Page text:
> Could I have missed something when I sat at the feet of Muslim veterans of
> battles in Crete, Burma, Egypt, and Italy, and heard their horror stories?
> In one fragment of a sentence, Ms. Manji places all these warriors on the
> wrong side of the battleground.
> 
> Has Ms. Manji ever heard of the Palestine Regiment, a unit in which Jew and
> Muslim fought side-by-side against Hitler's Afrika Korps in Libya? In the
> cemeteries of El-Alamein lie the dead Muslims, the Mohammeds, the Alis and
> the Ismails who gave their lives so that Nazism could be defeated. The
> cemeteries of Stalingrad bear the names of the young Central Asian Muslims
> who lie buried, unable to refute the falsehoods being spread by fast-food
> historians. And what about the hundreds of thousands of Indian Muslims who
> fought shoulder-to-shoulder with our own Canadians in Italy and France?
> 
> So how did Ms. Manji come up with her charge? She bases it on one Haj Amin,
> the Mufti of Jerusalem, who, as she writes, argued against Jewish refugees
> coming to Palestine and "wound up as Hitler's special guest in Berlin,
> presiding over the unveiling of the Islamic Central Institute in December
> 1942." She reasons that because one Muslim Mufti accepted the hospitality of
> Hitler, after being expelled from Palestine by the British colonial
> authorities, all we 1.2 billion Muslims, a quarter of humanity, deserve to
> be accused of complicity in the Holocaust.
> 
> And what about other prominent Palestinians, such as Hazim Khalidi, a London
> School of Economics grad who volunteered to serve in the Indian army's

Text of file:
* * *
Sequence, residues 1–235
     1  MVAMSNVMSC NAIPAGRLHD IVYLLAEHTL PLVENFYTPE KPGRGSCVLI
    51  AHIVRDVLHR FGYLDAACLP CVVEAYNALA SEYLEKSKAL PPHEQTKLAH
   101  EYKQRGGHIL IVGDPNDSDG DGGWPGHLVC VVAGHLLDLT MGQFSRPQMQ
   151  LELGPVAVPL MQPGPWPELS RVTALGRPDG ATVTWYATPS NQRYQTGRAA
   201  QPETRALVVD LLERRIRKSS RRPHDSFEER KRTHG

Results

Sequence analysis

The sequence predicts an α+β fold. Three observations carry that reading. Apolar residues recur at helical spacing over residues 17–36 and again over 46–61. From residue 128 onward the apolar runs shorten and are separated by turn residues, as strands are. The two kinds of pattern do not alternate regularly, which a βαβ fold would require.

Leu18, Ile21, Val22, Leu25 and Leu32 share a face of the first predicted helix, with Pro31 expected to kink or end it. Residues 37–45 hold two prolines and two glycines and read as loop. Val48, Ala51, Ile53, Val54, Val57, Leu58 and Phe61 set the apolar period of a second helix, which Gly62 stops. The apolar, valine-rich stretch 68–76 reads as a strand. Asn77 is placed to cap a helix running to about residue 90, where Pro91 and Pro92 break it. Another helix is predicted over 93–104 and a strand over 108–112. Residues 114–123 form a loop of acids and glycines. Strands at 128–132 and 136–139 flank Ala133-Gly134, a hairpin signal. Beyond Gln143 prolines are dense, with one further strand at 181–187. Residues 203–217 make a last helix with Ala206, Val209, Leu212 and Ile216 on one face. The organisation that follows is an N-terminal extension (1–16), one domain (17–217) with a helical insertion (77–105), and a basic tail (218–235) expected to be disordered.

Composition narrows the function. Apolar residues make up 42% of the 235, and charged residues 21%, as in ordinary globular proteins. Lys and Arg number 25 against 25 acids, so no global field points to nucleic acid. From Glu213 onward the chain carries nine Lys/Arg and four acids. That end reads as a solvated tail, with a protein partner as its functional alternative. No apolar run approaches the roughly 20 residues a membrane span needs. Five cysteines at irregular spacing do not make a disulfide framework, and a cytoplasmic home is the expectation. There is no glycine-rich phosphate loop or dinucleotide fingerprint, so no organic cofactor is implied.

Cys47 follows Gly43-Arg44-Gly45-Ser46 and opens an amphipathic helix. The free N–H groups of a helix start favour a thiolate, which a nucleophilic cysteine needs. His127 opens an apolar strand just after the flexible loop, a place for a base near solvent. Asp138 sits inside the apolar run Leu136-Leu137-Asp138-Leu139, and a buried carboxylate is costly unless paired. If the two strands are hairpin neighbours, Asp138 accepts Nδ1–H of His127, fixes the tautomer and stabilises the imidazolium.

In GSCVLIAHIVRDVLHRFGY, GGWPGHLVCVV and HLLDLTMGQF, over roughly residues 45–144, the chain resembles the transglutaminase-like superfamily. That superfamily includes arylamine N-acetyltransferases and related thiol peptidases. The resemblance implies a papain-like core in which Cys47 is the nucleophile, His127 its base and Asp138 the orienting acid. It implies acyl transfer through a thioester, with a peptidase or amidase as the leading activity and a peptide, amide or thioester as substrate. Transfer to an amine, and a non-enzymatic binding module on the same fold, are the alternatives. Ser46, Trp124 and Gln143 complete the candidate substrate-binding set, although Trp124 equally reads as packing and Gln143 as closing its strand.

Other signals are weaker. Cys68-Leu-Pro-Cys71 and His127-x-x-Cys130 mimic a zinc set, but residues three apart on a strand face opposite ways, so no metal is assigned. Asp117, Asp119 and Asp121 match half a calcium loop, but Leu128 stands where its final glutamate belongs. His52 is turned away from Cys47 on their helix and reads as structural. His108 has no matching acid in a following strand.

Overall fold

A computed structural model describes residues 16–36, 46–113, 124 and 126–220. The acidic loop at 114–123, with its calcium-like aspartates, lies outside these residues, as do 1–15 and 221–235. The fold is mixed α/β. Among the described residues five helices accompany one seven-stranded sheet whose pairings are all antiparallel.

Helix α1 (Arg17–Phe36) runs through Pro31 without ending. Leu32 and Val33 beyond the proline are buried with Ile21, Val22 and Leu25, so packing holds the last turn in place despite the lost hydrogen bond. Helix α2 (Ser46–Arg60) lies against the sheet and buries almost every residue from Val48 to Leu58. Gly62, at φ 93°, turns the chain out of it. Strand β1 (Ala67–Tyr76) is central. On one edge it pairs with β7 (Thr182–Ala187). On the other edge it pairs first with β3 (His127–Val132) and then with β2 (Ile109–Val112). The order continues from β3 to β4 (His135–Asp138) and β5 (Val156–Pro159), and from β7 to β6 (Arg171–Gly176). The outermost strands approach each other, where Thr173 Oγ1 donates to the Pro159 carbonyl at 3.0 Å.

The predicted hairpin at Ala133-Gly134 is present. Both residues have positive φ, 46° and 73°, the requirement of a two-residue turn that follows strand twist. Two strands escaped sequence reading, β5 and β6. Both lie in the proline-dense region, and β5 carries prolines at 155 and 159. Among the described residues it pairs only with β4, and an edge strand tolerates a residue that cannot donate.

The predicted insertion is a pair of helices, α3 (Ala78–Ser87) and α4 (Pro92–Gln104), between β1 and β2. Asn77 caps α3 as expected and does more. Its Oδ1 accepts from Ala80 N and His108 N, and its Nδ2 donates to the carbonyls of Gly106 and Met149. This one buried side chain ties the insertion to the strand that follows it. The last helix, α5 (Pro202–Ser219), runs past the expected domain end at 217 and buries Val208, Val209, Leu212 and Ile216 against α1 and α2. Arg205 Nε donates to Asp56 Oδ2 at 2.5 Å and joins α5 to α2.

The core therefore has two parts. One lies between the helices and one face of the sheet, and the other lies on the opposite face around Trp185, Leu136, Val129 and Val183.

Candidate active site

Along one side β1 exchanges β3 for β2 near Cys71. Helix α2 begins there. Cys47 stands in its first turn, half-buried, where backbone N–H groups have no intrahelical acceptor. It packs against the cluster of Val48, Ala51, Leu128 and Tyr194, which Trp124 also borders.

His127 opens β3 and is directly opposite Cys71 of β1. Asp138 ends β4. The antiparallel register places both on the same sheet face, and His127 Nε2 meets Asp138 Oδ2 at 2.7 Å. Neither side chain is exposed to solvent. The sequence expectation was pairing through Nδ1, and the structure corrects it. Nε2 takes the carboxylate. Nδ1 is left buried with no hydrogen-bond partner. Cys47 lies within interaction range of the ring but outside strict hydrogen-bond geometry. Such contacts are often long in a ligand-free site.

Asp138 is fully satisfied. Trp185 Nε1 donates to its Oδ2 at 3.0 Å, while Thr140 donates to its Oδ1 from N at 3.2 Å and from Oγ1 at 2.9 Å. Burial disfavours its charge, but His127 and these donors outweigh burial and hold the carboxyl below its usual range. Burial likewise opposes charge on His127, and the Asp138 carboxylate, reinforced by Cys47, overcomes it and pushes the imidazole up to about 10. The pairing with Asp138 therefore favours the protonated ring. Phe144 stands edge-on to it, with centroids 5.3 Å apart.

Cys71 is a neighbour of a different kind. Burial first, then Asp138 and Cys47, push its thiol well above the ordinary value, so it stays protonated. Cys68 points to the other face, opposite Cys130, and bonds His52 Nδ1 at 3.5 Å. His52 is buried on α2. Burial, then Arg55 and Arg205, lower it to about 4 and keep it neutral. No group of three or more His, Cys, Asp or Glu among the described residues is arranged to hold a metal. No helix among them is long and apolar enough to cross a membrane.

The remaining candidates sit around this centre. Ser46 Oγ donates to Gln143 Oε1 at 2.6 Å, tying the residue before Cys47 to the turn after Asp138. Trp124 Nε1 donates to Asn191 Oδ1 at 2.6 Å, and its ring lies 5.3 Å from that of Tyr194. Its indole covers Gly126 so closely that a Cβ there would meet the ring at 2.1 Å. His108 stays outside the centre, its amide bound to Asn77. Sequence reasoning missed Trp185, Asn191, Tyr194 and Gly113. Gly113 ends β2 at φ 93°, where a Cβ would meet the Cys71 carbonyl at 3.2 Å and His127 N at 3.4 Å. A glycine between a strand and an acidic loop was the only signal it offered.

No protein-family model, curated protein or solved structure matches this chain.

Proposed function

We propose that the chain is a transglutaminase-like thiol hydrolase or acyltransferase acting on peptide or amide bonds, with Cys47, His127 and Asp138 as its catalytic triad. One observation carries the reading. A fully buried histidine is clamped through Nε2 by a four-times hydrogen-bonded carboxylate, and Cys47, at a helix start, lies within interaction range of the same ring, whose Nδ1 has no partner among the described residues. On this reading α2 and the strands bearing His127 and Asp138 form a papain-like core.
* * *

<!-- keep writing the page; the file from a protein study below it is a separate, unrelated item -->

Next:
> Palestine Battalion? Or perhaps Ms. Manji may like to visit the cemetery in
> Mississauga where Sgt. Hannah Hazineh lies buried. This decorated
> Palestinian veteran of the Second World War was wounded in battle at
> El-Alamien while fighting Germans.
> 
> There's no doubt that Haj Amin was an influential Muslim cleric in
> Jerusalem. But so were countless Catholic and Protestant clergy in Europe
> who supported Hitler, or looked the other way while their Jewish neighbours
> were being dragged off. Should we talk of Christian complicity in the
> Holocaust? Or, like the German parliamentarian who talked of a Jewish
> complicity in the Bolshevik uprising, allow the actions of a few to stain an
> entire people?
> 
> Ms. Manji says her book is addressed to fellow Muslims. Had it been written
> in good faith, I would have understood her reasoning, even if I did not
> agree with her. However, her book is not addressed to Muslims; it is aimed
> at making Muslim-haters feel secure in their thinking. And so, I politely
> tell Ms. Manji: Thank you for thanking my wife Nargis and me for a "spirited
> discussion" that landed you "important insights." But we'd appreciate any
> mention of us being removed from future editions.
> 
> 
> ------------------------------------------------
> Tarek Fatah is host of the weekly Vision TV show The Muslim Chronicle and a
> founding member of the Muslim Canadian Congress.
> 
> 
> 
> 
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Néstor Miguel Gorojovsky
nestorgoro at fibertel.com.ar

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"Sí, una sola debe ser la patria de los sudamericanos".
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Buenos Aires, 1822